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Celtics turn back time to return to NBA Finals

Boston gets a big game from Paul Pierce and a lift from little Nate Robinson to eliminate Orlando, 96-84.

May 28, 2010|By Brian Schmitz

Reporting from Boston -- Hollywood, beware. And that means you, L.A.

The aging Boston Celtics have gone Benjamin Button on the NBA, a curious case of reversing the aging process as a playoff team.

Looking too old and broken down the last half of the season, the Celtics are back in the NBA Finals. They ousted the Orlando Magic, 96-84, on Friday night at TD Garden to win the Eastern Conference crown.

The Celtics won the NBA title in 2008 by beating the Lakers and will be playing in the championship round for the second time in three seasons.

And yes, as if on cue, Celtics fans chanted, "We want L.A.!" — prematurely, as far as the Phoenix Suns are concerned. The Lakers can close out the Suns on Saturday.

The Boston faithful could have started chanting early as Boston again took control early for the third time against the Magic in the six-game series.

Paul Pierce was unstoppable again and led all scorers with 31 points and 13 rebounds. But it was reserve Nate Robinson, a 5-foot-9 point guard, who provided the lift by scoring 13 points off the bench.

After a hot start to the season, the Celtics finished 27-27, troubled mostly by injuries. Coach Doc Rivers basically gave away games to allow Pierce and Kevin Garnett, among others, some rest, putting them on rehab assignments, so to speak.

"It didn't look right because we were losing games, but guys were resting and conditioning, and I thought it was the only chance we had," Rivers said. "There were no guarantees, but we had a chance healthy. So my gamble was, let's take health. So we lost some games, but we got healthy."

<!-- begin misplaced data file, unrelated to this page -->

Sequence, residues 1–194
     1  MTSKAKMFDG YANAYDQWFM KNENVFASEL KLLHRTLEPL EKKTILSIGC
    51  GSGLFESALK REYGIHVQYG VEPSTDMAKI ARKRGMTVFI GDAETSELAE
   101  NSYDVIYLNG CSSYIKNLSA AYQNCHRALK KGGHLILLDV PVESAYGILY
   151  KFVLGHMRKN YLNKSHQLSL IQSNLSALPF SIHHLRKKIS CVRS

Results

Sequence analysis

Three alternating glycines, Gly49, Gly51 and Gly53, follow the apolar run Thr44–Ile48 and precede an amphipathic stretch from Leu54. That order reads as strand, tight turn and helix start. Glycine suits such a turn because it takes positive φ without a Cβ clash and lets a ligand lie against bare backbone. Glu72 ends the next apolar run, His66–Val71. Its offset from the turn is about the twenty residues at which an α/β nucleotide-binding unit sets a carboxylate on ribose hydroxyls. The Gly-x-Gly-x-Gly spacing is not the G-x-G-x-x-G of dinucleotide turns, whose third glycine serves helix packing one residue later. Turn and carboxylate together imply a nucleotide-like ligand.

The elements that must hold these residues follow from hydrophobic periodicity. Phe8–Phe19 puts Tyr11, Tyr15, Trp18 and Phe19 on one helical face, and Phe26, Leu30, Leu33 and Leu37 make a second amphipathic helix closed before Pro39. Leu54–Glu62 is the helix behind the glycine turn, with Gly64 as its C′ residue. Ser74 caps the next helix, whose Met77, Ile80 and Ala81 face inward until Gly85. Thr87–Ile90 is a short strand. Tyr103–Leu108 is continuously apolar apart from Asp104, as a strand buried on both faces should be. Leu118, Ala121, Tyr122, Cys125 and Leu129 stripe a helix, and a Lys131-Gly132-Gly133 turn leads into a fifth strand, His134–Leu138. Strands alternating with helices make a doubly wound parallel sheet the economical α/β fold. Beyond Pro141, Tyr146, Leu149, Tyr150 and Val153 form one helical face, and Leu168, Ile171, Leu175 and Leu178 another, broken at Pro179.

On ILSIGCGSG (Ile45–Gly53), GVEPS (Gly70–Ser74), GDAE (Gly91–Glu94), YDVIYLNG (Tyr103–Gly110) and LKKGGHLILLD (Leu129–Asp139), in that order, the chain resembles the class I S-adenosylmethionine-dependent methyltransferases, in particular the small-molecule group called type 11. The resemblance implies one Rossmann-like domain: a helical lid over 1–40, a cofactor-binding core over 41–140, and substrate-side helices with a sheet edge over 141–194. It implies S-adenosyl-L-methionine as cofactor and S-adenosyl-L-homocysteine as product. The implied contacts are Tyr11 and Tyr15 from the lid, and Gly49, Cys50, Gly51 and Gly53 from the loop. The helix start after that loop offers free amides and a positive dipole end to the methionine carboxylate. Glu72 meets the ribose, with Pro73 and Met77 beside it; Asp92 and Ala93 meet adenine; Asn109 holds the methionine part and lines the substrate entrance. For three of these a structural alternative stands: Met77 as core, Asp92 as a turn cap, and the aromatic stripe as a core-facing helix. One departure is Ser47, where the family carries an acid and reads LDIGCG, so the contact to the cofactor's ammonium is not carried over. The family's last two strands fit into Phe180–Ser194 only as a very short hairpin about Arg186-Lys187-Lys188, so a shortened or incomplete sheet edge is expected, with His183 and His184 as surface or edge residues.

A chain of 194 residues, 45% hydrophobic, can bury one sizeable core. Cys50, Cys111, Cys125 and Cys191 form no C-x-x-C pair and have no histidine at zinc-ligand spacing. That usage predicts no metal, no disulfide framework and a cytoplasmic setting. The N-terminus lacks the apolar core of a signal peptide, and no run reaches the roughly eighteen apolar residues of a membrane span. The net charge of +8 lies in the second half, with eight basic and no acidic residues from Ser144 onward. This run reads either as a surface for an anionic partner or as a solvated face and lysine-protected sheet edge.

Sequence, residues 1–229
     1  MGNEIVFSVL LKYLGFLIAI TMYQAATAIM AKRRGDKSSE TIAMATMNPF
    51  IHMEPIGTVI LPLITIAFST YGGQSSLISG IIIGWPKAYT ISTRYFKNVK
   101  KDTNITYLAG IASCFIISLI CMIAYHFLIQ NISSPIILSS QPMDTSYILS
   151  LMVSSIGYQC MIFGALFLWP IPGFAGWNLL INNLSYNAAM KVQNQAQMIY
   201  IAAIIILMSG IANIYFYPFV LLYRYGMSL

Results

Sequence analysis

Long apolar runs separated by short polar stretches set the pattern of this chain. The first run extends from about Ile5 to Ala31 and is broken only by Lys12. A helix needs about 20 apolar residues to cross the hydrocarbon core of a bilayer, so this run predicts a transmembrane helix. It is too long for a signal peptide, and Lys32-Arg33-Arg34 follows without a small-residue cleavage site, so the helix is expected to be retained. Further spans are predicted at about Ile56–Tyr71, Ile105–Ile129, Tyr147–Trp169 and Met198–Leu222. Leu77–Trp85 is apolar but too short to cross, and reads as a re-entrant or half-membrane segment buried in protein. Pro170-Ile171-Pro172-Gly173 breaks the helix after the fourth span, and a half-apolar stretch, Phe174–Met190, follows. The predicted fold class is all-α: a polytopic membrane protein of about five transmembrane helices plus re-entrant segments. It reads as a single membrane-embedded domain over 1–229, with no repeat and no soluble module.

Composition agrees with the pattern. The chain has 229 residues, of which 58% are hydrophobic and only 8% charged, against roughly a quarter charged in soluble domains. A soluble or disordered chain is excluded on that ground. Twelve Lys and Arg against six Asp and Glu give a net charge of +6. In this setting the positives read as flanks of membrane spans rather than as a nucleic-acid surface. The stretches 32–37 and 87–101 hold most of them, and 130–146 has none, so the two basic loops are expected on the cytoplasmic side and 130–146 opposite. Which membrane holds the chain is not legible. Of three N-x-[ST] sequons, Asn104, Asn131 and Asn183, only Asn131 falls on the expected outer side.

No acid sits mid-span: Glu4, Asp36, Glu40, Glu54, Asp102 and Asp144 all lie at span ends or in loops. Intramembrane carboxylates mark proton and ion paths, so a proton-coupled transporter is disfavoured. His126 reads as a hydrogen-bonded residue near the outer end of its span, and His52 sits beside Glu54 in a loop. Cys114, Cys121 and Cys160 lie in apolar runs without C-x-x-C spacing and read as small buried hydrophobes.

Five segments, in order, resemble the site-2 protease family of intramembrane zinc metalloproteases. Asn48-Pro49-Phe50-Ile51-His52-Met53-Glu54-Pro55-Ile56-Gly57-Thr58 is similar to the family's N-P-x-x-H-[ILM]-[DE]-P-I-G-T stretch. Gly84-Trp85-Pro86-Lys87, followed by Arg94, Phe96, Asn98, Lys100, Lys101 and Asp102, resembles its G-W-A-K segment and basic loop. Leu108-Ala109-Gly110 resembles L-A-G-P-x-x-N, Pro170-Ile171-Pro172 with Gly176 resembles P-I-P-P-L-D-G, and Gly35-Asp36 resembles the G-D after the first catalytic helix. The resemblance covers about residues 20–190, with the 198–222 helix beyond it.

The Magic had fallen into an 0-3 hole that no team was ever escaped, but it won the next two games.

The Celtics — and Boston — were hearing the agonizing echoes of the NHL's Boston Bruins, who blew a 3-0 lead to the Philadelphia Flyers.

"I never really think negative about losing or being up 3-0 and something tragic happens," Pierce said. "My whole mind-set coming in here is that we were going to win no matter what. As far as what happened with hockey, this is not hockey. It's basketball."

The Celtics still weren't too sure the way Magic All-Star Dwight Howard was knocking people out. Boston fans booed Howard after he had given Glen "Big Baby" Davis a concussion in Orlando's Game 5 win with a wayward but inadvertent elbow.

A Boston columnist suggested the Celtics administer some "frontier justice," but there were no incidents in the Celtics' close-out game.

Howard scored 28 points with 12 rebounds but didn't have nearly enough help.

In the end, it was the beginning of the games that doomed the Magic's championship hopes.

"It's disappointing. We put a lot into the season," point guard Jameer Nelson said.

"We fell short. You can't say what level of pain it is."

bschmitz@orlandosentinel.com

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